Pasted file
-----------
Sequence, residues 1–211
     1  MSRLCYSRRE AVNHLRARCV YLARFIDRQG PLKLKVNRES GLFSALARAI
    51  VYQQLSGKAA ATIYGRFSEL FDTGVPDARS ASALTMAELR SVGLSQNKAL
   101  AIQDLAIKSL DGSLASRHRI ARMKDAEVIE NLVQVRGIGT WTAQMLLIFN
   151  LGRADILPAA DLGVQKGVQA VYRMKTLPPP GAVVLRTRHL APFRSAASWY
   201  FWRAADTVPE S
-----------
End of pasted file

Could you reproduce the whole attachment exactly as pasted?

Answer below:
Sequence, residues 1–211
     1  MSRLCYSRRE AVNHLRARCV YLARFIDRQG PLKLKVNRES GLFSALARAI
    51  VYQQLSGKAA ATIYGRFSEL FDTGVPDARS ASALTMAELR SVGLSQNKAL
   101  AIQDLAIKSL DGSLASRHRI ARMKDAEVIE NLVQVRGIGT WTAQMLLIFN
   151  LGRADILPAA DLGVQKGVQA VYRMKTLPPP GAVVLRTRHL APFRSAASWY
   201  FWRAADTVPE S